Sailing programmes are an incredible way to engage individuals and coastal communities with the ocean. But like most water sports the equipment, care and maintenance of equipment and program operations can come with an environmental cost. Sailing organisations from around the world have been working passionately on accessible solutions to help the sport minimise the environmental impact.

US Sailing brought together presenters to speak about these solutions and resources for their talk, Tools to Kickstart Sustainability at your Sailing Program. Our co-founder, Emily Penn was invited to speak about the SHiFT platform alongside Dan Reading from World Sailing and Jen Guimares from US Sailing.

World Sailing Online Self-Assessment Tool for Sailing Clubs

Working for World Sailing as Head of Sustainability, Dan Reading’s job has taken him to sailing clubs across the globe. He noticed they were all facing similar challenges to minimising their environmental footprints and wondered how his organisation might be able to help. It sparked the idea for a sustainability self-assessment tool. Providing a tool that helps clubs to take stock of where they’re at and take action is both more accessible and faster than hosting a third party assessment program. 

The tool is free, online and available in multiple languages. It works as a form and covers topics from waste and plastic use to energy and dredging. If you answer “No” to one of the questions on the form, the tool provides suggested action to take. Once you’ve completed the form it gives you a score and is exported as PDF with all of the suggested actions included so that you can use it as your action plan.

Dan says some of the most common areas that need addressing are designated area use, legislation, refuelling and emergency response (in regard to environmental impact), chemical use and storage, dredging, anti fouling, events and utilities. If you don’t know where to start, Dan suggests prioritising legal compliance since environmental law is changing all of the time. It’s important to make sure your club’s practices are up to date. Find the sustainability self-assessment tool here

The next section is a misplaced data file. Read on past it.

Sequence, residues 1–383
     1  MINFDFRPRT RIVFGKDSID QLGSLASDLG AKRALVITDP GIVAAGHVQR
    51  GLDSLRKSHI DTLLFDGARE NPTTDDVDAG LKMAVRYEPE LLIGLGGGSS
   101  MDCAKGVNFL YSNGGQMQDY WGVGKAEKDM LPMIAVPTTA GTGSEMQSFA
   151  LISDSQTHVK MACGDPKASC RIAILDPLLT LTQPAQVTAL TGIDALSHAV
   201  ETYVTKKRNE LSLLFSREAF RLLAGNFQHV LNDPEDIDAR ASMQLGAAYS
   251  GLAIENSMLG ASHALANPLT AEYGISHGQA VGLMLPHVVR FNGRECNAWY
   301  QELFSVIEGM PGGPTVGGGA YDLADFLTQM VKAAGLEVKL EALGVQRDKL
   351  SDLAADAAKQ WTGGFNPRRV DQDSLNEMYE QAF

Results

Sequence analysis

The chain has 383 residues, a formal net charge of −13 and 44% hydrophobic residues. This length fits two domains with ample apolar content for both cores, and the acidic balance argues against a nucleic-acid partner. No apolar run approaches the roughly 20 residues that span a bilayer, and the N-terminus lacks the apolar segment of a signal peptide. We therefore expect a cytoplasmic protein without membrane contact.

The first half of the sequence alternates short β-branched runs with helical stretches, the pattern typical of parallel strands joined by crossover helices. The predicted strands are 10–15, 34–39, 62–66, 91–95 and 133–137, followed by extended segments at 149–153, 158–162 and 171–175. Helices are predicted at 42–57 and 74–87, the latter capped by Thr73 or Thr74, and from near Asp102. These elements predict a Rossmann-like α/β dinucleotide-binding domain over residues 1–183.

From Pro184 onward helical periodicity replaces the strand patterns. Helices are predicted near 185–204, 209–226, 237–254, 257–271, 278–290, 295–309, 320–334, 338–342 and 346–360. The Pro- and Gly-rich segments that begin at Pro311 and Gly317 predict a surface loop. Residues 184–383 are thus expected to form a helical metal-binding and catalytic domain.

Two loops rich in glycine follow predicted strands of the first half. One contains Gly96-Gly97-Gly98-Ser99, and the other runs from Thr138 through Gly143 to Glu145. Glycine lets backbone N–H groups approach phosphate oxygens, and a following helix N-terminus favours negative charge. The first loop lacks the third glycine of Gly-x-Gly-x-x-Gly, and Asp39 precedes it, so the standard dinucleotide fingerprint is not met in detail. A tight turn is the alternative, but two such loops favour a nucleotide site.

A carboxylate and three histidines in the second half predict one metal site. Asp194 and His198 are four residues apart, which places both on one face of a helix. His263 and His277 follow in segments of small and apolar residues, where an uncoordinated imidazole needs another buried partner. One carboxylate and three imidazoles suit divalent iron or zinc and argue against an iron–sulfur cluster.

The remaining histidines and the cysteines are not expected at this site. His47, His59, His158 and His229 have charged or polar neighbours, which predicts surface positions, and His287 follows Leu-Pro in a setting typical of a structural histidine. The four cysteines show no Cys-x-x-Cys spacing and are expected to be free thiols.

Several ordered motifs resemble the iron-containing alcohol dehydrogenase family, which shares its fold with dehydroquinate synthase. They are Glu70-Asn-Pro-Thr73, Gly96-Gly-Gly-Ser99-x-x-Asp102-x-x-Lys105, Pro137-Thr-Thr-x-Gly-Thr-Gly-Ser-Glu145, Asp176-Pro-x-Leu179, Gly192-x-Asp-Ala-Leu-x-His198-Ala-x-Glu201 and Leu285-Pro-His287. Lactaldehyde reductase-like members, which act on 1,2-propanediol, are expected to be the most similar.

SHiFT to Tackle Plastic Pollution 

When Emily Penn sailed into a plastic pollution accumulation zone she didn’t come across an ‘island of plastic’ floating out in the ocean, as commonly reported in the media, but rather a plastic soup made up of fragments and microplastics. The size and dispersion of microplastics is what makes them so challenging to clean-up and she quickly realised the solutions were not out there in the soup but on land. As she says, we need to “turn off the tap” on plastic pollution because there is no one source of this pollution which means there isn’t one, simple solution. The challenge of collecting and sharing solutions, as well as encouraging further solution engagement, led Emily to create the SHiFT framework and which has been developed into an online platform called 

SHiFT solutions all fall in one or more of these categories: Avoid, Loop, Convert or Catch. Anyone can go to and look up relevant solutions using the filter. The filter will ask you How, What and Where you want to make a change. Sailing programs can use this to find targeted solutions such as switching to plant based rubber neoprene or ropes made from recycled materials.

Try it out for yourself here

Reach Hubs by US Sailing

Through the Reach Hub Model, Jen Guimares shared that sailing clubs have been able to engage youth in STEM subjects. This may even help them to one day become the people responsible for creating environmental issue solutions. Jen says they owe their “reach,” or impact, to collaborating with organizations across the country. They found your program staff do not need to be scientists, and the youth don’t even need to be initially interested in STEM subjects, but that it is the way the material is delivered that matters the most. 

Teaching through sailing programs can make an intimidating subject like engineering feel approachable and even engaging through fun and hands-on experiences. The majority of past students reported they felt they were able to take what they learned and apply it to real life scenarios. What’s more, is that spending more time in an aquatic environment and deepening their understanding of it increased their interest in environmental stewardship.

The Reach Hub Model uses place based education which makes it adaptable to your community and resources. The STEM curriculum and educator guide is available on the US Sailing website here.

Learn more about these incredible programs by watching the full talk here

With thanks to 11th Hour Racing for supporting this event and programme.